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Electrospinning is a useful technique that can generate micro- and nano-meter sized fibers. Modification of the electrospinning parameters, such as deposition target geometry, can generate uniaxially aligned fibers for use in diverse applications ranging from tissue engineering to material fabrication. For example, meshes of fibers have been shown to mimic the extracellular matrix networks for use in smooth muscle cell proliferation. Further, aligned fibers can guide neurites to grow along the direction of the fibers. Here we present a novel electrospinning deposition target that combines the benefits of two previously reported electrodes: the standard parallel electrodes and the spinning wheel with a sharpened edge. This new target design significantly improves aligned fiber yield. Specifically, the target consists of two parallel aluminum plates with sharpened edges containing a bifurcating angle of 26°. Electric field computations show a larger probable area of aligned electric field vectors. This new deposition target allows fibers to deposit on a larger cross-sectional area relative to the existing parallel electrode and at least doubles the yield of uniaxially aligned fibers. Further, fiber alignment and morphology are preserved after collection from the deposition target.
Electrospinning has become a ubiquitous and inexpensive technique to acquire polymeric fibers with micrometer to nanometer diameters. The fibers, with their large surface to volume ratios, have been utilized in many applications including material fabrication (1–3) and filtration (4). In recent years the technique has been expanded to such applications as tissue engineering scaffold design (5–8). Generally, electrospun fibers have been used in scaffold constructions for the regeneration of blood vessels (9, 10), extracellular collagen networks (11), smooth muscle cells (12), nervous tissue (13, 14) and construction of bone tissue scaffolds (15). Nano- and micro-fibers specifically are important in tissue engineering as they mimic the scales of natural cellular environments (16). Aligned microfibers are of particular interest to nerve tissue engineering because the diameters of axons and myelinated nerve fibers are on the order of a few to tens of microns (17–19). Therefore aligned micro-fibers can be used as sacrificial templates to fabricate tubular nerve tissue engineering scaffolds with aligned micro-channels. These micro-channels are expected to provide micron-scale contact guidance for regenerating axons and nerve fibers. Nerve tissue engineering scaffolds with channels have been reported before, however, the number of channels is relatively low and the diameters are about 200 microns (20). Our goal is to create scaffolds with approximately hundreds of channels with diameters of several microns to tens of microns. Here we report a new electrospinning target that can greatly increase the yield of aligned micro-fibers based on water-soluble polymers.
During electrospinning, a polymeric solution is ejected from a syringe at an appropriate flow rate. A large electrical potential (5–30 kV) is placed across a gap flanked by the charged syringe needle and an electrically grounded deposition target. As the solution flows from the syringe needle, Coulombic forces pull the stream into a fine, continuous polymer stream. The short transition from the needle to the stream occurs via a Taylor cone common to charged fluid motion in electric field gradients (21). The electric field accelerates the stream onto the grounded deposition target. The polymeric solution dries before depositing to yield dry fibers. Resultant fiber diameter, porosity, and other characteristics can be controlled by modifying the solution flow rate, composition, electric field potential, and distance between the needle and target (22, 23). Additionally, fiber arrangement can be altered by modifying the deposition target geometry (23).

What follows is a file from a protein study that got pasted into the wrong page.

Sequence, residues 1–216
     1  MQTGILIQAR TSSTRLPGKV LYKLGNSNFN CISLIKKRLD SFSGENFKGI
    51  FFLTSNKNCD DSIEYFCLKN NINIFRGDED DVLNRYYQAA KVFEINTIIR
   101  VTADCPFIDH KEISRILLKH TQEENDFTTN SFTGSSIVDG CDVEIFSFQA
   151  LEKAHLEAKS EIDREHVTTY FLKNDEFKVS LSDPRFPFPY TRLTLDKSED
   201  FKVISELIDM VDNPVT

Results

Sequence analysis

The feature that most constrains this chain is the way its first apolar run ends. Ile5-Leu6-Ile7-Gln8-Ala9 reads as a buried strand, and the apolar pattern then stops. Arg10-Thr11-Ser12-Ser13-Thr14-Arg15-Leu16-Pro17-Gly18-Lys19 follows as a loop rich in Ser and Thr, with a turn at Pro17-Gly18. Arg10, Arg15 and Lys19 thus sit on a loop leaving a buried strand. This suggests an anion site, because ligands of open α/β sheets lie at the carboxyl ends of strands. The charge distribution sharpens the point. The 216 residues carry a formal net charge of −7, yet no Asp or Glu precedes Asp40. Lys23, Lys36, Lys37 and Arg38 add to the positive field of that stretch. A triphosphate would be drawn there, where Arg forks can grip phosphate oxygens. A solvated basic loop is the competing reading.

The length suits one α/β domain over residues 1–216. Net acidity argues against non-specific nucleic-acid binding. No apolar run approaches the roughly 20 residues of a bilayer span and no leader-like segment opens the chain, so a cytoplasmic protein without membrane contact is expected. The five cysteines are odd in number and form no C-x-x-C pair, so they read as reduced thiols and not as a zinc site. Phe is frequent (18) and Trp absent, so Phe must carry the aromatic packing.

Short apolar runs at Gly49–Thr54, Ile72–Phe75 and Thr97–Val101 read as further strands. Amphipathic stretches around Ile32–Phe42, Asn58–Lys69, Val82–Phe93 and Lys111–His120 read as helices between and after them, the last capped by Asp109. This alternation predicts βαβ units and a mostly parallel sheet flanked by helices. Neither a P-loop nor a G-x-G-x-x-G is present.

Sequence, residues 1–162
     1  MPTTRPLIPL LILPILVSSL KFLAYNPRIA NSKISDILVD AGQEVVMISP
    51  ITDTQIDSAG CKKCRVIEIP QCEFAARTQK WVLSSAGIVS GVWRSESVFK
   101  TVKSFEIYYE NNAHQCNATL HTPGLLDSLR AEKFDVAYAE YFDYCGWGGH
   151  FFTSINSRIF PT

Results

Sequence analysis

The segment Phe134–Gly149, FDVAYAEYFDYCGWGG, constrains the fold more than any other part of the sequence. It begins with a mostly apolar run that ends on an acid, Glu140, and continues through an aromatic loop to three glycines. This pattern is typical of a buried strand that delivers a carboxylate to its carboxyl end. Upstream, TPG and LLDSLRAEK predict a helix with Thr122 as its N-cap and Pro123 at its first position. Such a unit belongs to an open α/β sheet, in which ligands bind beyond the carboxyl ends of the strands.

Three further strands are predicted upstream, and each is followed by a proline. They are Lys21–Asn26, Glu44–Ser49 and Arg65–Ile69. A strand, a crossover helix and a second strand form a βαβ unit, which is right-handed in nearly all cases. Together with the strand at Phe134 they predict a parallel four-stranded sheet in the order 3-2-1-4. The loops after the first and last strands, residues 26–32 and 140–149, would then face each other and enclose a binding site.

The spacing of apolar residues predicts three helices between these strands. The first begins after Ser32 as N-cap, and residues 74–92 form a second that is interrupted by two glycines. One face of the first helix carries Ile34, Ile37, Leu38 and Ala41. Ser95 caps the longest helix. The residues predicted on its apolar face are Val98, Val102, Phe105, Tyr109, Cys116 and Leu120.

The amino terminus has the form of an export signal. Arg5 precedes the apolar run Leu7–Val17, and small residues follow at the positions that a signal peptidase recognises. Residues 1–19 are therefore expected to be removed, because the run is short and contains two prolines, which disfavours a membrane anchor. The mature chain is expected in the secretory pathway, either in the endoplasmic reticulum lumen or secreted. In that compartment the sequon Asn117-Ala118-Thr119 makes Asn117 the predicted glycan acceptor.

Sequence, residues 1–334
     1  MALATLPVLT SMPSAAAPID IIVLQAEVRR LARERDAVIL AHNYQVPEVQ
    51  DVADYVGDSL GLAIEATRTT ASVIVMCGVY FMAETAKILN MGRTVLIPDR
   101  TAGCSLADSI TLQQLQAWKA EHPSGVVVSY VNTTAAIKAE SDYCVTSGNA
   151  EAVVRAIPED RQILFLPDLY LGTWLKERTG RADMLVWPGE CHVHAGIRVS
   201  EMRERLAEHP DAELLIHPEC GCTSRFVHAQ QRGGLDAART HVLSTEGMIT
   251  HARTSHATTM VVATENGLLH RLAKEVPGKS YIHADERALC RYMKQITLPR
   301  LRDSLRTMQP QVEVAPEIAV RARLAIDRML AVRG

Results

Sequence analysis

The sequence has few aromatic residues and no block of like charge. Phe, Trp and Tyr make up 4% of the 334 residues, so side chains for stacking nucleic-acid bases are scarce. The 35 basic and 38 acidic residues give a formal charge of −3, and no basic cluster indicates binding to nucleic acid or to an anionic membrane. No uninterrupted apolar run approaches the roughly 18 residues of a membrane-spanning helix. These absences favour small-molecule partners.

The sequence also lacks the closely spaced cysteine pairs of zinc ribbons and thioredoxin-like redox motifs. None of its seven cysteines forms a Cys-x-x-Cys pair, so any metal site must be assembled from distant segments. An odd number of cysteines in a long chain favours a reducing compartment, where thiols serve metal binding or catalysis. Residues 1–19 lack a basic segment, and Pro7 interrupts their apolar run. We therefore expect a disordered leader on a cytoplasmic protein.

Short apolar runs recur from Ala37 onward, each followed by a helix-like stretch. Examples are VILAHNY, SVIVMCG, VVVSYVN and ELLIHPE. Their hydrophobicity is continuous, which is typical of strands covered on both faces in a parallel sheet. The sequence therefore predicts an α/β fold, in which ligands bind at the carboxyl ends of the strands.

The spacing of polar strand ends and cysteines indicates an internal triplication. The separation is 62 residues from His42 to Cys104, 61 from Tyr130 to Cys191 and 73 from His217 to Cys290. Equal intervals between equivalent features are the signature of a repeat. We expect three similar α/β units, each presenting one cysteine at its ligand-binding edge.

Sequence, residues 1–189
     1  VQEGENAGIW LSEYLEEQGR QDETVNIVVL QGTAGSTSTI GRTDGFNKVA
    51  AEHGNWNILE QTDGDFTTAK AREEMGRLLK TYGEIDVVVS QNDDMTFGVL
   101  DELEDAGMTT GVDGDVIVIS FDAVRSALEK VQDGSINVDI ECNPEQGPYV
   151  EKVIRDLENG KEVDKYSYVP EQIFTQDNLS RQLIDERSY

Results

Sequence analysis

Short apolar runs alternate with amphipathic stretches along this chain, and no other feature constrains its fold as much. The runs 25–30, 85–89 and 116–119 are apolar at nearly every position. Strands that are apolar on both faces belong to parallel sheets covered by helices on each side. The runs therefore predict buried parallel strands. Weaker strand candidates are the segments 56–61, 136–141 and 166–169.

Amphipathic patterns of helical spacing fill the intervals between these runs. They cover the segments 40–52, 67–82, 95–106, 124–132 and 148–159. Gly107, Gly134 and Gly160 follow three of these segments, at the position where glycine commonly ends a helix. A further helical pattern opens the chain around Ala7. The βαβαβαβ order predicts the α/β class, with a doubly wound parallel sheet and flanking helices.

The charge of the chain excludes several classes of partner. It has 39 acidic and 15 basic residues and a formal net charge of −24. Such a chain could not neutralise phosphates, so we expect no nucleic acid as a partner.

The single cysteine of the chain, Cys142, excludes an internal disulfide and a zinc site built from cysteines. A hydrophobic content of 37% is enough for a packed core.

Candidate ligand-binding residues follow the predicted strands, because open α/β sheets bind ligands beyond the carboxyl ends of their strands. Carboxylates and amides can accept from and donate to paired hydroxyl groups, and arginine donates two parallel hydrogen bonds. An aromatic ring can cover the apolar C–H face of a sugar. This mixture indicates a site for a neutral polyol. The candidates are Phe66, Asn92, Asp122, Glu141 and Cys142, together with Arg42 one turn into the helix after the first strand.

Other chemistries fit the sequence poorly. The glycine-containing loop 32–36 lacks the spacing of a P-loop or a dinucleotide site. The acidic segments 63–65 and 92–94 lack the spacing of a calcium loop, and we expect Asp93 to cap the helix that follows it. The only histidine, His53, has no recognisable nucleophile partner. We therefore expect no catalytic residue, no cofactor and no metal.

Much work has been performed when designing deposition targets that yield uniaxially aligned fibers. Uniaxially aligned fiber arrangements at the micro- and nano- scales allow for unprecedented control in nanotechnology and tissue engineering applications. There are many excellent reviews examining current fiber deposition geometries and applications of electrospinning in materials, drug delivery, and tissue engineering fields (23–28). We will therefore only briefly review electrospinning techniques that are most applicable to our research.
One approach to obtain aligned electrospinning fibers is to deposit fibers on a rotating, electrically-grounded wheel with a sharpened edge and a bifurcating angle of 26.6° (29). The sharpened wheel is grounded and rotated at a constant angular velocity. The fiber stream is ejected such that the fibers align parallel and on top of the sharpened edge. This technique consists of a relatively simple setup and can yield highly aligned fibers, but the yield and the maximum fiber diameter are limited to the small region surrounding the rotating edge (23). Another uniaxially aligned fiber deposition target consists of two parallel electrodes (30). The electrodes are grounded, and the electrospinning solution is deposited in the region spanning the two electrodes. This technique can generate highly aligned fibers at inter-electrode distances of up to 1 mm, but the fiber yield is limited because the fiber alignment region is restricted to the orthogonal edges of the electrodes. Further, alignment quality decreases with inter-electrode distances larger than 1 mm (30).
We hypothesized that introducing a sharp edge into the parallel electrode design would increase the uniaxially aligned fiber yield by focusing the electric field along the sharp edges and increasing the parallel electric field vectors. We validated this hypothesis theoretically (Figure 2) and demonstrated that the aligned fiber yield increased experimentally. We will refer to the original parallel electrode as the standard parallel electrode and the new parallel electrode with sharp edges as the sharpened parallel electrode.
Electric field computations were performed using Students’ QuickField 5.5 (Terra Analysis Ltd., Svendborg, Denmark). For simplification, the software assumed a 2-dimentional, planar computation region; thus, a profile view of each deposition electrode was modeled with relative dimensions. The models were then encased in a rectangular, uncharged container (not shown in images) to provide computational boundaries. The computational boundaries were neither charged nor given a 0 V potential (which would erroneously model the boundaries as ground). Although it was assumed that these boundaries would not affect the theoretical computations, several models were performed while varying the target-to-boundary distances with no appreciable change in distribution of electric field vectors.